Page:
A Buddhist friend of mine a few days ago said, ‘keep sitting’. This is because I have sprained my foot, so have not been to dojo for a few weeks.
This has prevented me from sitting – even on a chair although I can manage 30 minutes meditation sitting on a chair just about now.
But I wondered about her comment. “Just sit” is good advice, and a reminder that we must always return to practice. As Dogen says, practice and awakening are one and the same thing.
It’s easy to think, though, that this means practice only happens when sitting on the meditation cushion. But it doesn’t. Perhaps this is why she made the remark.
Unless I am also sitting within my mind, letting body and mind fall away, when I am washing dishes or checking emails too, then I have put sitting on the meditation cushion above everything else, making it the special place in the week or day or self where awakening can take place.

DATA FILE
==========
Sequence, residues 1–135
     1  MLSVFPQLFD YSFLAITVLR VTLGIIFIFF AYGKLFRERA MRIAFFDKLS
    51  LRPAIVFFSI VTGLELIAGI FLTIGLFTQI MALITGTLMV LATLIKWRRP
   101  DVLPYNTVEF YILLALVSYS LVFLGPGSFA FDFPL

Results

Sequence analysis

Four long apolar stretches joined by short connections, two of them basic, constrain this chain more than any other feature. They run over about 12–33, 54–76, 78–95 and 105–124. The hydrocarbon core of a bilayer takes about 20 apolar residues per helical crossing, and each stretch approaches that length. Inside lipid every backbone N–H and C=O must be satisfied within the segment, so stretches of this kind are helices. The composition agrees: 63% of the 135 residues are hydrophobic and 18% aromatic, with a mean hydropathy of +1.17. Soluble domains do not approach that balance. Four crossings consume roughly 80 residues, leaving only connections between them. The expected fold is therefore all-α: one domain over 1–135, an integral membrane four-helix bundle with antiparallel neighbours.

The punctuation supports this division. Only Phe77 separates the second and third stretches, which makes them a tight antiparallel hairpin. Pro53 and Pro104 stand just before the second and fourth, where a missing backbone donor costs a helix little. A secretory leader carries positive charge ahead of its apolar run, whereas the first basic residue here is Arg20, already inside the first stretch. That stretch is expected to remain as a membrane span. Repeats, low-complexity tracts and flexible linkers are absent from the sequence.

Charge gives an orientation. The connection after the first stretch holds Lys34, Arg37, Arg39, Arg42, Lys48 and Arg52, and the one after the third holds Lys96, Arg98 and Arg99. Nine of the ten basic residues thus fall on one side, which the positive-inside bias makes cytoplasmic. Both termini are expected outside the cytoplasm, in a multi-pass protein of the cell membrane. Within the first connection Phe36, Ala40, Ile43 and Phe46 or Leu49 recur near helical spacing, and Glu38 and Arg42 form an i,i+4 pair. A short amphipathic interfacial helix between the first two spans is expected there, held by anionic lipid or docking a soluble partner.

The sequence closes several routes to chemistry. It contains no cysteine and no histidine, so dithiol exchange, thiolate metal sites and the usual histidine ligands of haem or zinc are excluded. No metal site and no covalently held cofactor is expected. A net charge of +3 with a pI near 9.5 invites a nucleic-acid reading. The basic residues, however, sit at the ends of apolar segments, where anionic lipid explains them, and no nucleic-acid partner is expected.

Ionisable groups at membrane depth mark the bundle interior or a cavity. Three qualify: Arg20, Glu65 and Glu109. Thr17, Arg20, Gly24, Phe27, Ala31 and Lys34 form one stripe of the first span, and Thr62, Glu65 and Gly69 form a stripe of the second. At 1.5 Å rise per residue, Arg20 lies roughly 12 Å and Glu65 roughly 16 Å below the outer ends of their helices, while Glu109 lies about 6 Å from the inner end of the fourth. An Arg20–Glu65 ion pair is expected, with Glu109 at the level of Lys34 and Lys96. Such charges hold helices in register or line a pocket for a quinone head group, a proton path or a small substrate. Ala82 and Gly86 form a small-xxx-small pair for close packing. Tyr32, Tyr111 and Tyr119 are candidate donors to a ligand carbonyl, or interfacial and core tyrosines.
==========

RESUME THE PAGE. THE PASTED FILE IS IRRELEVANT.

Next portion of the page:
In mindfulness, there is not a person who is being mindful. Who is it who is doing the mindfulness? In spiritual practice, there is not practice separated from life. Kinhin separated from zazen. Washing up separated from study of a sutra. All of it can be practice. No special time to be awake. Every special time.
Why limit practice to 30 minutes or 60 minutes a day or week? Why limit it to the meditation cushion? That is not what should be meant by “just sit”.
Just sit is also what I should do within my being the next time someone wants an argument, or the next time I sprain my foot.